In empirical economics, the big debate is between two different types of model-makers.

*Structural*modelers want to use models that come from economic theory (constrained optimization of economic agents, production functions, and all that), while

*reduced-form*modelers just want to use simple stuff like linear regression (and rely on careful research design to make those simple models appropriate).

I'm pretty sure I know who's right in this debate: both. If you have a really solid, reliable theory that has proven itself in lots of cases so you can be confident it's really structural instead of some made-up B.S., then you're golden. Use that. But if economists are still trying to figure out which theory applies in a certain situation (and let's face it, this is usually the case), reduced-form stuff can both A) help identify the right theory and B) help make decently good policy in the meantime.

Statisticians, on the other hand, debate whether you should actually have a model at all! The simplistic reduced-form models that structural econometricians turn up their noses at -- linear regression, logit models, etc. -- are the exact things Breiman criticizes for

*being too theoretical!*

Here's Breiman:

[I]n the Journal of the American Statistical Association JASA, virtually every article contains a statement of the form: "Assume that the data are generated by the following model: ..."

I am deeply troubled bythe current and past use of data models in applications, where quantitative conclusions are drawn and perhaps policy decisions made...

[Data generating process modeling] has at its heart the belief that a statistician, by imagination and by looking at the data, can invent a reasonably good parametric class of models for a complex mechanism devised bynature. Then parameters are estimated and conclusions are drawn. But when a model is fit to data to draw quantitative conclusions...

[t]he conclusions are about the model’s mechanism, and not about nature’s mechanism. It follows that...[i]f the model is a poor emulation of nature, the conclusions maybe wrong...

These truisms have often been ignored in the enthusiasm for fitting data models. A few decades ago, the commitment to data models was such that even simple precautions such as residual analysis or goodness-of-fit tests were not used. The belief in the infallibility of data models was almost religious. It is a strange phenomenon—once a model is made, then it becomes truth and the conclusions from it are [considered] infallible.This sounds very similar to the things reduced-form econometric modelers say when they criticize their structural counterparts. For example, here's Francis Diebold (a fan of structural modeling, but paraphrasing others' criticisms):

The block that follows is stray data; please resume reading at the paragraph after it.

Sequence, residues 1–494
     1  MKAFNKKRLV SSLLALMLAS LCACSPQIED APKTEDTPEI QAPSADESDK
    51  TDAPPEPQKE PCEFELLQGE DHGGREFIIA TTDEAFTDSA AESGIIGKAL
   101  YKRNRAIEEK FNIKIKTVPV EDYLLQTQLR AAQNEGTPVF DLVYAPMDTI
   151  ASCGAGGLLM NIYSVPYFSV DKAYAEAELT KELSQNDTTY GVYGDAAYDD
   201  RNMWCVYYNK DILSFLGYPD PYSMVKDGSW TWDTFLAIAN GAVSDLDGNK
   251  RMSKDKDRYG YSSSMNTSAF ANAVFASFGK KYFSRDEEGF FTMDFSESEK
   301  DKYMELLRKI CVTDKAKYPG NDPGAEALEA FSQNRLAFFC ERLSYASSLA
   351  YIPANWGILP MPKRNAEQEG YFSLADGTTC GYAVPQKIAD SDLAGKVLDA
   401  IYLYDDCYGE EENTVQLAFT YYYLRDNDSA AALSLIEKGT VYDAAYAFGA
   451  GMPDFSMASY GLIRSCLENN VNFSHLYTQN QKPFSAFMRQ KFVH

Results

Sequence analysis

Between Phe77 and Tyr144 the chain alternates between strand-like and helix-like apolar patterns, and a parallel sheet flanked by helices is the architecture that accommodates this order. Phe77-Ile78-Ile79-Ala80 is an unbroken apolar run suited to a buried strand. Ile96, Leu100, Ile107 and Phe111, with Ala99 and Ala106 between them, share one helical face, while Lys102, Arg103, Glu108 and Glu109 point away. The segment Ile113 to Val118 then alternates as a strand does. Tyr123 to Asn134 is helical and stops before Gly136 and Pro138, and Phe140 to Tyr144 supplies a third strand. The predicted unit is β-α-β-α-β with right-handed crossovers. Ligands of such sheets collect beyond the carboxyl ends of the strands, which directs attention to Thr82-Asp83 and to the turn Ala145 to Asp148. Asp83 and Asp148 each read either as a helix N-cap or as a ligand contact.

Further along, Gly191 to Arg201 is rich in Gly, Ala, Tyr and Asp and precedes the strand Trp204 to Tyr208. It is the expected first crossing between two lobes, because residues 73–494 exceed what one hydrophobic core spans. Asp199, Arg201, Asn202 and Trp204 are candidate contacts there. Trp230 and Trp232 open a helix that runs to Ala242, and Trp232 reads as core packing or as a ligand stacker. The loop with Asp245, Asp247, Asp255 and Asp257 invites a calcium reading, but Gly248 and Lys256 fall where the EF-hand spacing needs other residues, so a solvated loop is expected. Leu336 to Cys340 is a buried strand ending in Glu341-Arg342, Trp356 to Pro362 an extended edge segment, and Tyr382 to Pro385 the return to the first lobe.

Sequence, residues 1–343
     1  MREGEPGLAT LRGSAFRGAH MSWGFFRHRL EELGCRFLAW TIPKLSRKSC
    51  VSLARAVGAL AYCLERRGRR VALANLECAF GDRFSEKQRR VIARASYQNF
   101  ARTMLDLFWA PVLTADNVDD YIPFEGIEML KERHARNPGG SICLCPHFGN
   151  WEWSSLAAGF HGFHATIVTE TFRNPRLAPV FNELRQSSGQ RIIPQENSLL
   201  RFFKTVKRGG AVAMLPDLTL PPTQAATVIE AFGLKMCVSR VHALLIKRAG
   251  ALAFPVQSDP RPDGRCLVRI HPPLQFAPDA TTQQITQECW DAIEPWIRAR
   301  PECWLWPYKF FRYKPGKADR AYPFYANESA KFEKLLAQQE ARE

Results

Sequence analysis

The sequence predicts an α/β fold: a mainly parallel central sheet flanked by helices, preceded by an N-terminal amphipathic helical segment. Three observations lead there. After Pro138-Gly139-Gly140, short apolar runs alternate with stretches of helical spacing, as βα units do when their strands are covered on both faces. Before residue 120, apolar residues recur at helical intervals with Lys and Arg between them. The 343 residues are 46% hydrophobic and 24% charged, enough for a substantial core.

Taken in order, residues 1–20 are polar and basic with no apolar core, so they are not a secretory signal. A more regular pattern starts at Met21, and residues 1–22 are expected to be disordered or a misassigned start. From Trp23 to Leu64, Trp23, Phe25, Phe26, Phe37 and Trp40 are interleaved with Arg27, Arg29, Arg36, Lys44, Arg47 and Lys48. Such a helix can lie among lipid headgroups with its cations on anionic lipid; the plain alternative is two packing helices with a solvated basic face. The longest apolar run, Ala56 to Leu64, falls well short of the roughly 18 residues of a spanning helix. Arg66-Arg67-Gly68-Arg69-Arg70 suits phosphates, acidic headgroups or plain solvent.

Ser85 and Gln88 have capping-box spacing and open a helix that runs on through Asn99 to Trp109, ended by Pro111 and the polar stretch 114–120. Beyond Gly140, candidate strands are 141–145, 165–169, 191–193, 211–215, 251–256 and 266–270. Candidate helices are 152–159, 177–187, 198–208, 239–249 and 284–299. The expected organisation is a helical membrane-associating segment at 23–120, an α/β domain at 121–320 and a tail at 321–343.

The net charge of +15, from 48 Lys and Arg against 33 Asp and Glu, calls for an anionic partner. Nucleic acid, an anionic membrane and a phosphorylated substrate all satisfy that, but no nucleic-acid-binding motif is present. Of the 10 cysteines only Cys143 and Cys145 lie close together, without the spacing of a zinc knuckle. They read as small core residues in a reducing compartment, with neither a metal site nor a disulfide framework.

A cynical but not-entirely-false view is that structural causal inference effectively assumes a causal mechanism, known up to a vector of parameters that can be estimated. Big assumption. And of course different structural modelers can make different assumptions and get different results.

In both cases, the criticism is that if you have a misspecified theory, results that look careful and solid will actually be wildly wrong. But the kind of simple stuff that (some) structural econometricians think doesn't make

*enough*a priori assumptions is exactly the stuff Breiman says (often) makes way*too many*!
So if even OLS and logit are too theoretical and restrictive for Breiman's tastes, what does he want to do instead? Breiman wants to toss out the idea of a model entirely. Instead of making any assumption about the DGP, he wants to use an algorithm - a set of procedural steps to make predictions from data. As discussant Brad Efron puts it in his comment, Breiman wants "a black box with lots of knobs to twiddle."

Breiman has one simple, powerful justification for preferring black boxes to formal DGP modeling: it works. He shows lots of examples where machine learning beat the pants off traditional model-based statistical techniques, in terms of predictive accuracy. Efron is skeptical, accusing Breiman of cherry-picking his examples to make machine learning methods look good. But LOL, that was back in 2001. As of 2017, machine learning - in particular, deep learning - has accomplished such magical feats that no one now questions the notion that these algorithmic techniques really do have some secret sauce.